Humphries: There’s something about the bare-knuckled lunacy of politics that is very similar to hockey. Not to mention, hockey is the national sport of Minnesota! I grew up in Minnesota, just like Jack, so I knew hockey would play a big part in who he is as a character. It’s central to how and why he meets the demon, Marlinspike. Like a lot of hockey diehards, I am fascinated by the role of enforcers, or goons, in the sport. They’re not prized for their hockey skills but deployed to be fighters and brawlers so their teammates can make the big plays. I found a lot of parallels to that in American politics, probably too many.

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Citizen Jack Interior Art by Tommy Patterson

Paste: How did you and artist Tommy Patterson begin working together?
Humphries: Mutual friends and comic artists Ryan Stegman and Nick Pitarra played matchmaker. They were our Dolly Levis. Tommy is a New York Times bestselling artist for his work on Game of Thrones—which is beautiful, but stylistically 180 degrees from what I was looking for. Tommy basically said no problem and delivered three sample pages in the style you see now in Citizen Jack—it was like magic, or like he made his own deal with the devil. It’s gorgeous stuff, horrific and hilarious. It was love at first sight.

Paste: Demonic intervention aside, the series’s tone is largely realistic—though one of the supporting characters in the series is a talking dolphin. What brought that angle into play?
Humphries: I could say making Cricket the smartest, uh, creature in the room is a jab at a media industry that has devolved into self-parody. But, I need the media industry to promote Citizen Jack. So instead I’ll say…Cricket the Dolphin is the Breakout Character of 2016, You Won’t Believe What He Does Next!

Paste: In an interview you did with io9, you said that you considered the demon Marlinspike to be the book’s “most innocent character.” Does that mean that there’s a side of him that we’re going to see more of in future issues, or is it more a statement of how corrupt virtually everyone else is?
Humphries: Both, I guess! Yeah, there’s much more about Marlinspike that we are going to see in future issues. Where he comes from, what he wants, why he thinks it’s worth the trouble to get himself a puppet president. All of that will be revealed in the first six issues. But, also, yeah, Marlinspike is this giant death demon with wicked wings and malicious horns, and he moves in murder and ambition…but the humans in the book that put their pants on one leg at a time and eat cereal and smile real nice don’t really have any moral superiority over him. He’s just playing the game they created.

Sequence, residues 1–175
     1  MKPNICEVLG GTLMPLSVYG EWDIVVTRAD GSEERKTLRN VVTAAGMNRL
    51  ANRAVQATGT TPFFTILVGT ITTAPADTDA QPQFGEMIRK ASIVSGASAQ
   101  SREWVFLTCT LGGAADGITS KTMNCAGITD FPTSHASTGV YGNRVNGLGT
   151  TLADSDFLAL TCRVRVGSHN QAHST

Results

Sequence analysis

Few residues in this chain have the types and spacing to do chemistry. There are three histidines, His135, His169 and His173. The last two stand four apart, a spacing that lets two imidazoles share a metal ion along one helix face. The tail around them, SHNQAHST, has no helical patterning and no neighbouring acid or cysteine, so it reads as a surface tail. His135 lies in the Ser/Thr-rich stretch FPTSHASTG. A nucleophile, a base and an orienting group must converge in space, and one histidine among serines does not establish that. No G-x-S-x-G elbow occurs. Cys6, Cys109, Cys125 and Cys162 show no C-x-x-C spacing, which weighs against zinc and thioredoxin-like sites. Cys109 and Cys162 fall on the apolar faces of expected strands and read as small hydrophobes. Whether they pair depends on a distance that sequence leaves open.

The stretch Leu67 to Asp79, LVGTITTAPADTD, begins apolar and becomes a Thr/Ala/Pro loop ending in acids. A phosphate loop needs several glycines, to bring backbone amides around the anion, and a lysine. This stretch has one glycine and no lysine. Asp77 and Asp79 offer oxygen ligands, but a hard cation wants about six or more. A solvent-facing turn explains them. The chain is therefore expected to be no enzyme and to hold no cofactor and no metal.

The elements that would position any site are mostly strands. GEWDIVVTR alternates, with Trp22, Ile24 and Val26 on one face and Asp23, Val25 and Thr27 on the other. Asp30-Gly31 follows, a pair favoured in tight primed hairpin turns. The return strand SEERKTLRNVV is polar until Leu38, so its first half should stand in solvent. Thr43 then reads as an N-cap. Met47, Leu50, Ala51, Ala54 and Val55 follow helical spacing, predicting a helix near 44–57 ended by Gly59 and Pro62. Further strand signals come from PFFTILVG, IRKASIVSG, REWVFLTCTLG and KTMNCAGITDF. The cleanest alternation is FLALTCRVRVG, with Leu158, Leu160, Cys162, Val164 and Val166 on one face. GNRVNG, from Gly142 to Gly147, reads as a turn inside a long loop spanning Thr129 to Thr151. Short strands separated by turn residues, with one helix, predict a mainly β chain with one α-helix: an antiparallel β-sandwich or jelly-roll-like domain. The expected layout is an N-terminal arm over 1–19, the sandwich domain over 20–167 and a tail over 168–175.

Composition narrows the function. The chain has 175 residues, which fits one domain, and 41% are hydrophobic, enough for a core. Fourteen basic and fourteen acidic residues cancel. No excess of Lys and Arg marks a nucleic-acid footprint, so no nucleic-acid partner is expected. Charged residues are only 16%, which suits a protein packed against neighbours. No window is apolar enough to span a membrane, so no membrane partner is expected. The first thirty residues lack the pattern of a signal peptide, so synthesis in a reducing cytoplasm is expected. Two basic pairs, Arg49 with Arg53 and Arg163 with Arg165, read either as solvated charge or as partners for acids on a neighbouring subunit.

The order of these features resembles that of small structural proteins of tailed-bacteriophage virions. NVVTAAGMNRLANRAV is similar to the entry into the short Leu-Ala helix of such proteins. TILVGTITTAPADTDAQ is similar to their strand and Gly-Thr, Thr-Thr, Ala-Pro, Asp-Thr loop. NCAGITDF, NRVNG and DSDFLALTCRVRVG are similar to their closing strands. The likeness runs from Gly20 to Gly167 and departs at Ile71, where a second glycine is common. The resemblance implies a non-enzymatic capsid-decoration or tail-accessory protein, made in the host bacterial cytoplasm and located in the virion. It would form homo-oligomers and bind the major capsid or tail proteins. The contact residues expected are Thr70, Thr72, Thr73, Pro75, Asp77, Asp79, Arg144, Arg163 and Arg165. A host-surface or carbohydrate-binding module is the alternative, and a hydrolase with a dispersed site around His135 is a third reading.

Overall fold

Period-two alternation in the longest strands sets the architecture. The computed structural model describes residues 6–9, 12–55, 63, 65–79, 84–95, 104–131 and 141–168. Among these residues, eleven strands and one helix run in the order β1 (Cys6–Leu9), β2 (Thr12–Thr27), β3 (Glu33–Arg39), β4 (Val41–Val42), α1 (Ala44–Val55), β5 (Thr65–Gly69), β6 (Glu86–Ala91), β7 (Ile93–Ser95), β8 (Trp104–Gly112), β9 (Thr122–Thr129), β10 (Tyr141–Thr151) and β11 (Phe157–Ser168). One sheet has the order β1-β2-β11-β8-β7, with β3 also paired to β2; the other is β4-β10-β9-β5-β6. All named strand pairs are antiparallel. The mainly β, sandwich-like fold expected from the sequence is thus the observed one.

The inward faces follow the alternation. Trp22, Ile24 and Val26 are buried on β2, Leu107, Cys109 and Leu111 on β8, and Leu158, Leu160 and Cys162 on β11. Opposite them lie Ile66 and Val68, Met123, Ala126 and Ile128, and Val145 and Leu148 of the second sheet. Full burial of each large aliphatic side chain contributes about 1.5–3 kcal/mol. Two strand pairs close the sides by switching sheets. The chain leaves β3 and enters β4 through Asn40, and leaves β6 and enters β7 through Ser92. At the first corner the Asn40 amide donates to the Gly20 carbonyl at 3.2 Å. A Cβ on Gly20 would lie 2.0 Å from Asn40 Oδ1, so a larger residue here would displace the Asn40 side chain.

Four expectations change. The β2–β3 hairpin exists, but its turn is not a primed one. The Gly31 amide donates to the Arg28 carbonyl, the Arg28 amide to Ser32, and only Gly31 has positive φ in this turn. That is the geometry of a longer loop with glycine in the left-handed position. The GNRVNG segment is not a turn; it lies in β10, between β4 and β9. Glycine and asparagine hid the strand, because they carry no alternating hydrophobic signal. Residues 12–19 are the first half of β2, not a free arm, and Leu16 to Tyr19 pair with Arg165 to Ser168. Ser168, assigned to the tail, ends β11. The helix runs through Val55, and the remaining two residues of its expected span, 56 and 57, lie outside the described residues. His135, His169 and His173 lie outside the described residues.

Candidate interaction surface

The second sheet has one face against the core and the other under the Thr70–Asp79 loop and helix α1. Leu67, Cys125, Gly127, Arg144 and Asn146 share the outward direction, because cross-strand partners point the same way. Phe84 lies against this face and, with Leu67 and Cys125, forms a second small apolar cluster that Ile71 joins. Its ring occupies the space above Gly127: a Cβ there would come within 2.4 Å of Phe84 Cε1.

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Citizen Jack Interior Art by Tommy Patterson

Paste: So far, Jack remains a compelling character while also being brusque and unpleasant to those around him—to say nothing of making a bargain with a demon. How do you find the right balance of making him a protagonist worth following without losing the darker aspects of his character?
Humphries: It’s a tough balance. Having a main character that is unpleasant 100% of the time is not going to be a fun reading experience. Heck, it’s not gonna be a fun writing and drawing experience for me and Tommy. So he’s got to have his sympathetic elements. You need to root for him as a character, even if you don’t want him to be president. But there’s something inherently relatable about Jack. There is no way he should be president. There’s no way most of us should be president. But if a demon came up to us and said, hey, you could be president…and I could make it happen…what would any of us say? If you wouldn’t at least pause to consider it…I call bullshit. [Laughs.] We all want a deal with the devil.

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Citizen Jack Interior Art by Tommy Patterson